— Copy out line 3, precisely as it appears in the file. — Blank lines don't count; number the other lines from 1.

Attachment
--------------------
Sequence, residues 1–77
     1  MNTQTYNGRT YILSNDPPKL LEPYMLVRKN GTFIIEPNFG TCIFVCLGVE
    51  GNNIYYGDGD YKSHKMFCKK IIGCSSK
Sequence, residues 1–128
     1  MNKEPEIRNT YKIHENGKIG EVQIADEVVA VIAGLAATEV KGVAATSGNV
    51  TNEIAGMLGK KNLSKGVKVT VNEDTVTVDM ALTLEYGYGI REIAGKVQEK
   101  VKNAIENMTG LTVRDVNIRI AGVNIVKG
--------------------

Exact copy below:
    51  GNNIYYGDGD YKSHKMFCKK IIGCSSK